The GtkSourceView library has this handy concept of a GtkSourceGutterRenderer. They are similar in concept to a GtkCellRenderer but for the gutter to the left or right of the text editor.
Like a GtkCellRenderer, you pack it into a container and they are placed one after another with some amount of optional spacing in-between. This is convenient because you can start quickly by mixing and matching what you need from existing components. Those include text (such as line numbers), pixbuf rendering, or even code folding regions.
However, there is a cost to this sort of composition. One is function call overhead, but that isn’t particularly interesting to me because there are ways to amortize that away (like we did with the pixel cache). The real problem is one of physical space. Each time a renderer is added, the width of the gutter is increased.
Builder 3.26.0 added a new column for breakpoints, and so we increased our width by another 18 pixels or so. Enough to be cumbersome. It looked like the following which has 4 renderers displayed.
Line changes (git)
Once you reach some level of complexity, you need to bite the bullet and implement a single renderer that has all the features you want in one place. It allows you to overlap content for density and use the background itself as a component. We just did that for Builder and here is what it looks like.
There are a couple other nice points performance-wise by implementing the gutter as a single renderer. We can take a number of “shortcuts” in the render path that a generic renderer cannot without sacrificing flexibility. Since the gutter is not pixel cached, this has improved the performance of kinetic scrolling on various HiDPI displays. There is always more performance work to do, but I’m rather happy with the result so far.
You’ll find this in the upcoming 3.26.1 release of Builder and is already available in Builder’s Nightly flatpak.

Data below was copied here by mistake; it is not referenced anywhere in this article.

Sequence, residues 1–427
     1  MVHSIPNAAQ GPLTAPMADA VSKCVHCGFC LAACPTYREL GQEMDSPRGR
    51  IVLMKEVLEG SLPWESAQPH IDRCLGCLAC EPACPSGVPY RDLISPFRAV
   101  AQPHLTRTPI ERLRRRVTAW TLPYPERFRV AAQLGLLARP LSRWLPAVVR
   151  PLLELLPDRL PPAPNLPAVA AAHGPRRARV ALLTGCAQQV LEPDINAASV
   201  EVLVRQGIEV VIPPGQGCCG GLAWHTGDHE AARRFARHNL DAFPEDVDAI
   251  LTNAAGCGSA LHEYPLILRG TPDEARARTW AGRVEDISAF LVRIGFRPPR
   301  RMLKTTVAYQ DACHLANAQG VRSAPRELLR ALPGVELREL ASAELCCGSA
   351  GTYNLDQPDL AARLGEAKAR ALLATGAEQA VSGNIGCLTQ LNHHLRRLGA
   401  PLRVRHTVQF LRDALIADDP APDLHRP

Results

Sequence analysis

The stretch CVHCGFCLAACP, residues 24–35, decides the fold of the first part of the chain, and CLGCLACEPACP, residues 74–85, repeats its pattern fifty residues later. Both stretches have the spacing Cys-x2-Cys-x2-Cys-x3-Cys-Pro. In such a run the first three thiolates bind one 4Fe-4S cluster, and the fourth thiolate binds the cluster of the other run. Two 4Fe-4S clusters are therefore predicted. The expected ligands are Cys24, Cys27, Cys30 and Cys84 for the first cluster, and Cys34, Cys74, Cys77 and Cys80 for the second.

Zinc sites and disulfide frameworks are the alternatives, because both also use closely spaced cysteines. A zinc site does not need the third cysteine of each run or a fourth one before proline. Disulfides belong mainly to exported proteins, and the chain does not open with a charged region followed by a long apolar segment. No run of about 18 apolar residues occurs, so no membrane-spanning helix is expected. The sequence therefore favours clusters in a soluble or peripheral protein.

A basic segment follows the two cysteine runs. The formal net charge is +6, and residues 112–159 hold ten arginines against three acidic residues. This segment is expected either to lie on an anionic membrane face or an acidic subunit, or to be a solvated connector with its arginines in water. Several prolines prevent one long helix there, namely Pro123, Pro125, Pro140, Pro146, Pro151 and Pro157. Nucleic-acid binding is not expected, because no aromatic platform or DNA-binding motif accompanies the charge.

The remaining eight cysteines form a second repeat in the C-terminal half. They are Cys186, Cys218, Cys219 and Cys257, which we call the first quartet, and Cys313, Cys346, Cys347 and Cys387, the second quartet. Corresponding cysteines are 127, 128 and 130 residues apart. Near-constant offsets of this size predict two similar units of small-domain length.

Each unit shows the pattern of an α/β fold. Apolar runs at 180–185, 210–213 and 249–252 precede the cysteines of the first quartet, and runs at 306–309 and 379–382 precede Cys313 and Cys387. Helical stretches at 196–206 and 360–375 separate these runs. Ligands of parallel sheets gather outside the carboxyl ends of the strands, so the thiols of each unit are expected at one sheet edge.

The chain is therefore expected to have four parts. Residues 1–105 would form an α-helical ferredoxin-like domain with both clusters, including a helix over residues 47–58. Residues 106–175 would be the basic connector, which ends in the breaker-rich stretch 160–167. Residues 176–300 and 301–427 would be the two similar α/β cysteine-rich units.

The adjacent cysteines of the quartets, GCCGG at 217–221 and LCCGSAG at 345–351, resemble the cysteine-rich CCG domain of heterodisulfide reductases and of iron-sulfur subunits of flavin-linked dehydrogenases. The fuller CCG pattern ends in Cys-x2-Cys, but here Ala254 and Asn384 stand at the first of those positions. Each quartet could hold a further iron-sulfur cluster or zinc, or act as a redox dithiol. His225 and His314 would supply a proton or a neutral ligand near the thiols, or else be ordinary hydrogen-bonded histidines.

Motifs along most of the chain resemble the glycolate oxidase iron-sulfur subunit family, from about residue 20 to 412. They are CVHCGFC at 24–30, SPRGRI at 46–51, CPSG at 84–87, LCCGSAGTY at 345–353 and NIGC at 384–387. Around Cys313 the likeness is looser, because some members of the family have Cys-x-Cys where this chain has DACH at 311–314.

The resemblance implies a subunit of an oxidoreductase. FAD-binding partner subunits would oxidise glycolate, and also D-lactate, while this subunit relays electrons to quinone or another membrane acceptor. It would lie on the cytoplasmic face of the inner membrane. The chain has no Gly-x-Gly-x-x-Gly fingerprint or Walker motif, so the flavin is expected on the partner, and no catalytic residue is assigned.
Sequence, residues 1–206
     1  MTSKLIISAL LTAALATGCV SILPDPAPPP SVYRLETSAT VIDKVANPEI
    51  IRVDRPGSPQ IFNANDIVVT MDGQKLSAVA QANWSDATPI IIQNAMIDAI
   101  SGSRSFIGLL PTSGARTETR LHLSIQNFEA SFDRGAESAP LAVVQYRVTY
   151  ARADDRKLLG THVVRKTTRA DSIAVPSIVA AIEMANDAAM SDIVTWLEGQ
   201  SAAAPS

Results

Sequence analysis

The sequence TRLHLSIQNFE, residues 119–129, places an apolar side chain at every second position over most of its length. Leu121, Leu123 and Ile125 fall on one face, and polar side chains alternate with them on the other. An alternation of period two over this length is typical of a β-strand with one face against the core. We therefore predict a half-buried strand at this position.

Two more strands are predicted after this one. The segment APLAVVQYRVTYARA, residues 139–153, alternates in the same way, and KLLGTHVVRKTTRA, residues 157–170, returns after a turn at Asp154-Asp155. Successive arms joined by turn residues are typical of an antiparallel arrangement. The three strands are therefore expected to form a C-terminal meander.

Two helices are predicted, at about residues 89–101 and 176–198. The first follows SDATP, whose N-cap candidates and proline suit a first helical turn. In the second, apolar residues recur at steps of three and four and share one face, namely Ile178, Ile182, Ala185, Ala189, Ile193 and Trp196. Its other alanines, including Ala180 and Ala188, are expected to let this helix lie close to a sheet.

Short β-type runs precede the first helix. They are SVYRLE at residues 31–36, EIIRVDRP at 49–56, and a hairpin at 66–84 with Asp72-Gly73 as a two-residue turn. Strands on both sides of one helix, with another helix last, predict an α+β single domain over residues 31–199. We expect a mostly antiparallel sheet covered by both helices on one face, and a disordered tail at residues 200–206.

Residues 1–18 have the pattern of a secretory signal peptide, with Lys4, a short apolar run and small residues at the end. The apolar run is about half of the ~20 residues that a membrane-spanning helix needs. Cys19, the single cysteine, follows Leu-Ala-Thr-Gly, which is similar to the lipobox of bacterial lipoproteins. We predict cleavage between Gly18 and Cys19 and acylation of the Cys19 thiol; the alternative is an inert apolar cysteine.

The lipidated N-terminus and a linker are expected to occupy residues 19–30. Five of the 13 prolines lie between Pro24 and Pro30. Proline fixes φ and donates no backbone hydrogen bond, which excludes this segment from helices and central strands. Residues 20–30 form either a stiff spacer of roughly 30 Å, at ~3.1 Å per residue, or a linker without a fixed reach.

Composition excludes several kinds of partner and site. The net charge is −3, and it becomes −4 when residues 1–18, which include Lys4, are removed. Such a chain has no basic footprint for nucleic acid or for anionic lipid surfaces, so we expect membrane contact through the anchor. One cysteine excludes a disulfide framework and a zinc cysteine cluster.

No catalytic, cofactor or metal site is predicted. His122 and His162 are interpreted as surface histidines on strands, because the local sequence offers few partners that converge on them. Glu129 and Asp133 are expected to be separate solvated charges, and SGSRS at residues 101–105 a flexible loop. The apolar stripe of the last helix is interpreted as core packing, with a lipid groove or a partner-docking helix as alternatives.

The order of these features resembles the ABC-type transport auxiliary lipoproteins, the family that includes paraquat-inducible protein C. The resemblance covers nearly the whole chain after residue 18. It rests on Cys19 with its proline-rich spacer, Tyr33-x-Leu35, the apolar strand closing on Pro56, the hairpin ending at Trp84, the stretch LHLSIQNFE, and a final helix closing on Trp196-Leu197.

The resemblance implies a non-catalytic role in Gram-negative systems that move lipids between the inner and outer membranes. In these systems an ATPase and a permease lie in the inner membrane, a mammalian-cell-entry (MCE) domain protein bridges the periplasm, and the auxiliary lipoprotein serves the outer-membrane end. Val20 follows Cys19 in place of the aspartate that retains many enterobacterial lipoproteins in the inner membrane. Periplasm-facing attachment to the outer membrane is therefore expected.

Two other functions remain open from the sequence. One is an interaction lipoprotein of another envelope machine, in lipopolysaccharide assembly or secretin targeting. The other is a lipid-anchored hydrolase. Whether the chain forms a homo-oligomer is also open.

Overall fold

Like every year, GUADEC has snuck up on me. I’ll be heading out to Manchester in a handful of days which means things are going to get hectic any moment now.
We just reached another milestone in our development phase towards 3.26. I’ve landed two important components which will have important roles in Builder’s future. The new visual layout, and the new shortcut engine. Neither are complete yet, but they are good enough to land on master and allow us to iterate without giant branches.
The new layout is based upon a design iteration lead by Allan which Andreas, Jakub, and myself took part. Not everything is implemented but the parts which most heavily contribute to user workflow are in place.
The new shortcut engine has also landed. This is a monumental amount of work because it completely overhauls the keyboard input model within Builder. We’ve moved to a “capture and bubble” event delivery for keyboard input so that we have more flexibility in how shortcuts are activated.
The event delivery is in one of three phases. Capture, Dispatch, or Bubble. The capture phase allows the widget hierarchy (starting from the toplevel) to handle an input event before the destination widget. Dispatch is delivery to the expected destination, where GtkBindingSets are activated. Finally, the bubble phase allows the hierarchy to handle the event if nothing handled it previously.
This also includes a whole swath of features around it for user-modifiable shortcut themes, custom keyboard controllers, a shortcut editor and more. To simplify the process of merging into Builder it has a compatibility interface to support CSS-based -gtk-key-bindings properties.
Effectively, bubble/capture allows us to have keyboard shortcuts that only activate if the source editor or terminal have not stolen the input. A convincing Vim implementation for our source editor can really benefit from this.
I’ve been aggressively pushing forward our new layout branch to integrate the new design work we’ve been iterating on. I don’t think we need to have it all done to merge to master, so we are rapidly approaching the time-frame for the branch to land.
There is much from the design still missing, but every day more pieces come together. I expect to have a good portion of it done by GUADEC.
A lot happened this week on the wip/chergert/layout branch. Here are some highlights.
Georges landed a “focus mode” fullscreen mode for Builder.
We’ve landed a patch in flatpak-builder to update terminal titles. This will allow us to scrape that info via the PTY in Builder for better progress messages.
Document titlebars now match the primary-color of the content. We also fade between states. This took some craftiness to avoid cascading the entire CSS tree. Video example below.
DzlPropertiesGroup is a convenient GActionGroup implementation for exporting multiple object properties from a GObject. This is more convenient than GPropertyAction when you are exposing lots of properties together.
The TODO plugin was ported to C and employs various techniques to use reduce memory overhead.
Dazzle gained convenience API to do insertion sort on a GtkListStore in O(log n) time by accessing the GSequence directly. This should be a safe layer-violation on Gtk+ 3.x.
Terminal, Devhelp, and HTML-Preview were ported to the new layout design.
IdeSymbolResolver gained a “find nearest scope” API which is used to update the scope name in the document titlebar. Both C and Vala are supported. Other languages need an implementation still.